First Aid Legal Requirements

First aid in the workplace is vital and by law, employers must provide “adequate and appropriate” equipment, facilities and number of first aiders. Despite how vague this statement sounds, there is lots of information out there to help companies prepare. To understand what your first aid needs are, a risk assessment must be completed for each area of work and each role that an employee takes part in.

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What is a Risk Assessment?

A large part of a workplace risk assessment is identifying all potential hazards to an employee or their health. This can include certain tasks, equipment and substances on-site. You may find it helpful to look at incident and illness reports that have been made previously and walking around each workspace yourself.

HSE advise that you should…

“show from your risk assessment that;
• a proper check was made
• all people who might be affected were considered
• all significant risks have been assessed
• the precautions are reasonable
• the remaining risk is low
You do not need to include insignificant risks. You do not need to include risks from everyday life unless your work activities increase the risk”.

It should cover all cover all of the groups of people that are at risk, including visitors and disabled workers.

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The HSE

The Health & Safety Executive (HSE) is the non-departmental public body that is responsible for the encouragement, regulation and enforcement of workplace health, safety and welfare and for research into occupational risks.

HSE advice on risk management can be found here
Example risk assessments can be found here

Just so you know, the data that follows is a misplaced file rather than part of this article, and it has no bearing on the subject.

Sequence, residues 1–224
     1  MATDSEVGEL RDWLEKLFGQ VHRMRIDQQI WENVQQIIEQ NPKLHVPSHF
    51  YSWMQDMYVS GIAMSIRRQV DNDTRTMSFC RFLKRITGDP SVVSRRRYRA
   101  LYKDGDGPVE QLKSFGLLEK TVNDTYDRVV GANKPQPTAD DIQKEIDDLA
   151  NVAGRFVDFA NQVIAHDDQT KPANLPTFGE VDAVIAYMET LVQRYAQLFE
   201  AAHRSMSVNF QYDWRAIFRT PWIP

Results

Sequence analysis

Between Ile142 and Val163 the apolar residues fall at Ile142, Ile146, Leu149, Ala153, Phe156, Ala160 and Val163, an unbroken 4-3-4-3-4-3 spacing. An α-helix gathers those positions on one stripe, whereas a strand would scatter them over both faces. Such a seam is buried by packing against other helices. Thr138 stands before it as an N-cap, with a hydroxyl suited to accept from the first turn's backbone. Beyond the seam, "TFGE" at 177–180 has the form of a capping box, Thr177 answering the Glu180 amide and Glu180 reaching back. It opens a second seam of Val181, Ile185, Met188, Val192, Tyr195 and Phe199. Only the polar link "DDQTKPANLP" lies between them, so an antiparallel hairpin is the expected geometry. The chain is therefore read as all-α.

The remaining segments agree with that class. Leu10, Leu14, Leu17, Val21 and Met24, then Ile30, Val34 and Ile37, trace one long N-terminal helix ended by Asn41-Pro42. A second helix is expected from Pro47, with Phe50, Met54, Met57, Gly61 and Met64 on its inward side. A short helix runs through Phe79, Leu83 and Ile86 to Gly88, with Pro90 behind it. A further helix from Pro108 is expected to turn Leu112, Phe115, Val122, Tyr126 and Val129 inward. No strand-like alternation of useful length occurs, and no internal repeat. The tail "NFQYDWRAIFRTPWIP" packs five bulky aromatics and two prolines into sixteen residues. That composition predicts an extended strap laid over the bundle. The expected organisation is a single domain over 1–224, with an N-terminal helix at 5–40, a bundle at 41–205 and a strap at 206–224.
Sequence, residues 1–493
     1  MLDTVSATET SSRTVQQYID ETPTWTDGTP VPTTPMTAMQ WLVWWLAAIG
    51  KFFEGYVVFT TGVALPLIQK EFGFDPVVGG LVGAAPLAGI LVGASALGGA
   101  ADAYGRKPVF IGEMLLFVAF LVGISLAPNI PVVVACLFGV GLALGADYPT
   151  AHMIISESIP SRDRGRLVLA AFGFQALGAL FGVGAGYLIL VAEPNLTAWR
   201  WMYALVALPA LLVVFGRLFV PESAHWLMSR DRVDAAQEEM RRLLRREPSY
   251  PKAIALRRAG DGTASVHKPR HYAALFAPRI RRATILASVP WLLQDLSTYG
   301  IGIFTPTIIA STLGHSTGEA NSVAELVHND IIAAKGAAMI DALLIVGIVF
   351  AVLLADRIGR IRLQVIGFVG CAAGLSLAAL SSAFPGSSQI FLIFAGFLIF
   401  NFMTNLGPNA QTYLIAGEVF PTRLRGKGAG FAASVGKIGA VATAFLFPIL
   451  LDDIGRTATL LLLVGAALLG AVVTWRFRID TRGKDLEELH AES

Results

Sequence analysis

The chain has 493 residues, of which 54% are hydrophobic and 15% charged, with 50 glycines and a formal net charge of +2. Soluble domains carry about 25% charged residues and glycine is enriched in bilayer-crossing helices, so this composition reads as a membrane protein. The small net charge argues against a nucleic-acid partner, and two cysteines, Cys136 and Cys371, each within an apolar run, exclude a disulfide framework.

Work First Aid Courses

In construction sites, maintenance workplaces and other high-risk environments, trained first-aiders are required. They must have taken a course that meets principles of assessment given by the HSE, including emergency protocol. There are plenty of reputable providers around that can do in-house or external first aid training courses, such as St John Ambulance and the Red Cross.

Activities usually include topics such as bleeding, burns, choking, defibrillators, CPR, shock, unresponsive persons and managing an emergency. Trainees must pass an assessment at the end of the course to gain the certificate they need. These emergency first aid courses are usually 1 day but longer courses and refreshers can be taken for extra piece of mind.

Although there is no set legal guideline to say how many first-aiders you need in the workplace, the HSE advises that there should at least be one trained person for every 50 people you employ. However, there needs to be a sufficient amount, including when that one person is off-sick or on holiday.

View St John Ambulance courses here